The dispute about fixation of tobacco crop price has been resolved as all stakeholders have agreed to abide by the price fixed by the Pakistan Tobacco Board (PTB) ie, Rs 121 per kilogram for selling of the crop to protect the growers’ interests.
Industry sources told Business Recorder here on Friday that the key issue was whether the PTB had followed due process of law while taking the decision to notify minimum price of tobacco crop at Rs 121 per kg, below which no one could buy tobacco.
Different government organisations and stakeholders looked at the matter in-depth. These included officers of the Ministry of Commerce and parliamentary committees including Senate Standing Committee on Commerce. It has been found that the PTB followed all the relevant rules and procedures while determining the minimum price of tobacco.
The issue was also raised for protecting interests of tobacco farmers hence its price was discussed at length. It was, however, pointed out that in the last two years exports of tobacco has increased by 300 percent. The export is increasing because price of Pakistani crop is competitive in international market. The export is helping farmers as they are able to earn livelihood not only through domestic sales but also through export. In such a scenario if price of tobacco crop is increased beyond the international market, it would lead to lesser export and hurt interests of farmers, apart from reducing foreign exchange earnings.
Currently the price of tobacco crop in Bangladesh is Rs 106 per kilogram. The minimum price of Pakistan tobacco crop is Rs 121 per kilogram, whereas the market price is nearly Rs 140 per kilogram. Any further price increase would jeopardise chances of earning through export.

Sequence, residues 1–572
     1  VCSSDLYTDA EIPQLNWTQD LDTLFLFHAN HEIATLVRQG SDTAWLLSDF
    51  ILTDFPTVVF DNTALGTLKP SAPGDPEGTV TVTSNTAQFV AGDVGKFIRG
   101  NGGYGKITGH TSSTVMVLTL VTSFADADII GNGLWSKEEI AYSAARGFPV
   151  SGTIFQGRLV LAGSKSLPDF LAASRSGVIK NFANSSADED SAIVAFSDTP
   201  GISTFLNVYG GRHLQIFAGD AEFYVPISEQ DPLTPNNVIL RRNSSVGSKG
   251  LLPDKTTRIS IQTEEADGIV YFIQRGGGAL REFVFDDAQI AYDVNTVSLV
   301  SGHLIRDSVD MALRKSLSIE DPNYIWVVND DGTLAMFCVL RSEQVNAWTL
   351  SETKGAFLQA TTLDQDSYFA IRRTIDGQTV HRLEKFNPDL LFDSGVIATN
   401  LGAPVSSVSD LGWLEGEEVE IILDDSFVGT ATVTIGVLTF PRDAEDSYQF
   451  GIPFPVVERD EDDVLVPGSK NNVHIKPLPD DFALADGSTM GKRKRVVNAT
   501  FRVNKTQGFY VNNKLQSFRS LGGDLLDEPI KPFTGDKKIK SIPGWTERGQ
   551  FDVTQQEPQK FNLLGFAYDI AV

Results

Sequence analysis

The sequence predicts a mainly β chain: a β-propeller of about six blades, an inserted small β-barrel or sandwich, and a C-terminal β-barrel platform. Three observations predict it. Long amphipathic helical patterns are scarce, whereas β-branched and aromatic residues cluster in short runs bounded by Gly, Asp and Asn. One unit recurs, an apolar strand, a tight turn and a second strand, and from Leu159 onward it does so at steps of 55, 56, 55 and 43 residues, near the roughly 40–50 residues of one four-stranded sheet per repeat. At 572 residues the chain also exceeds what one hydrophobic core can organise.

Sources say that tobacco is the only crop in Pakistan for which price is fixed through law. This special price-increase mechanism is unique for any crop in Pakistan and is aimed at protecting farmers from the threat of crop prices going down. In the last five years the prices of tobacco crop had increased 100 percent. If the price increased any further, domestic demand for the crop would also decrease, thereby hurting the interests of the farmers.
More than Rs 75 billion is annually generated by Government through taxes on cigarette manufacturers. Even a small amount of taxes could go a long way in helping farmers and reduce their cost of production through subsidy and thus increase their income. Experts said that Pakistan Tobacco Board only determine and fix the minimum price of tobacco crop not its maximum or market price. Hence, Rs 121 is only the minimum price of tobacco crop below which no one can buy tobacco. The current market price is around Rs 140 per kilogram, depending on quality of the crop. In some cases, the price even goes beyond Rs: 145 per kilogram. Hence, the interests of farmers were well protected by the legal mechanism put in place.
It was also pointed out that the very fact that more farmers had grown tobacco in 2011, as compared to previous year indicated that the farmers were happy with the price of crop in the market. Thousands of farmers grow more than 100 million kilograms of tobacco crop in Pakistan which generates income of more than Rs 11-12 billion.